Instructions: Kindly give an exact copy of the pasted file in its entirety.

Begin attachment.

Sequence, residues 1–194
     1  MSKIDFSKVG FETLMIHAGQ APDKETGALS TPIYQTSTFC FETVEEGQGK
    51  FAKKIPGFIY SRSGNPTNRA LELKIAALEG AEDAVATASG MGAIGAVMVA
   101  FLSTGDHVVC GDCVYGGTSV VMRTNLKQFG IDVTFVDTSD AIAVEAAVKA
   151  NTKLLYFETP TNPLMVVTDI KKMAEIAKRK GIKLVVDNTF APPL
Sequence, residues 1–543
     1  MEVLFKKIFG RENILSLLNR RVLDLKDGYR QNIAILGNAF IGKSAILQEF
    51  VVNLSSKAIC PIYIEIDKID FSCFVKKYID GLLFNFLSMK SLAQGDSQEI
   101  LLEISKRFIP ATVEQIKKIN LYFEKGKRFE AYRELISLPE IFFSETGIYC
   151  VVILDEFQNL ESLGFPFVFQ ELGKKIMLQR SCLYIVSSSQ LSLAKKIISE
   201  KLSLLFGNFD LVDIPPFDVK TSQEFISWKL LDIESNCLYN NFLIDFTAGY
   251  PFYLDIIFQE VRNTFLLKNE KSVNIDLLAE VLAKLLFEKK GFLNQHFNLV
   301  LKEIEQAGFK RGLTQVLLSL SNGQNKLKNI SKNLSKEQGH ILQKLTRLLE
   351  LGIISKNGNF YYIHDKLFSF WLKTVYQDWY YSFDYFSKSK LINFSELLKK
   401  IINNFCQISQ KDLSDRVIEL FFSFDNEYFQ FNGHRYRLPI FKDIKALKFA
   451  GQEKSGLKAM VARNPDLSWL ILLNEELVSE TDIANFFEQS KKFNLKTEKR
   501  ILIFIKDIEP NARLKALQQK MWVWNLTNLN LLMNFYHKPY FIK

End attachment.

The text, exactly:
Sequence, residues 1–194
     1  MSKIDFSKVG FETLMIHAGQ APDKETGALS TPIYQTSTFC FETVEEGQGK
    51  FAKKIPGFIY SRSGNPTNRA LELKIAALEG AEDAVATASG MGAIGAVMVA
   101  FLSTGDHVVC GDCVYGGTSV VMRTNLKQFG IDVTFVDTSD AIAVEAAVKA
   151  NTKLLYFETP TNPLMVVTDI KKMAEIAKRK GIKLVVDNTF APPL
Sequence, residues 1–543
     1  MEVLFKKIFG RENILSLLNR RVLDLKDGYR QNIAILGNAF IGKSAILQEF
    51  VVNLSSKAIC PIYIEIDKID FSCFVKKYID GLLFNFLSMK SLAQGDSQEI
   101  LLEISKRFIP ATVEQIKKIN LYFEKGKRFE AYRELISLPE IFFSETGIYC
   151  VVILDEFQNL ESLGFPFVFQ ELGKKIMLQR SCLYIVSSSQ LSLAKKIISE
   201  KLSLLFGNFD LVDIPPFDVK TSQEFISWKL LDIESNCLYN NFLIDFTAGY
   251  PFYLDIIFQE VRNTFLLKNE KSVNIDLLAE VLAKLLFEKK GFLNQHFNLV
   301  LKEIEQAGFK RGLTQVLLSL SNGQNKLKNI SKNLSKEQGH ILQKLTRLLE
   351  LGIISKNGNF YYIHDKLFSF WLKTVYQDWY YSFDYFSKSK LINFSELLKK
   401  IINNFCQISQ KDLSDRVIEL FFSFDNEYFQ FNGHRYRLPI FKDIKALKFA
   451  GQEKSGLKAM VARNPDLSWL ILLNEELVSE TDIANFFEQS KKFNLKTEKR
   501  ILIFIKDIEP NARLKALQQK MWVWNLTNLN LLMNFYHKPY FIK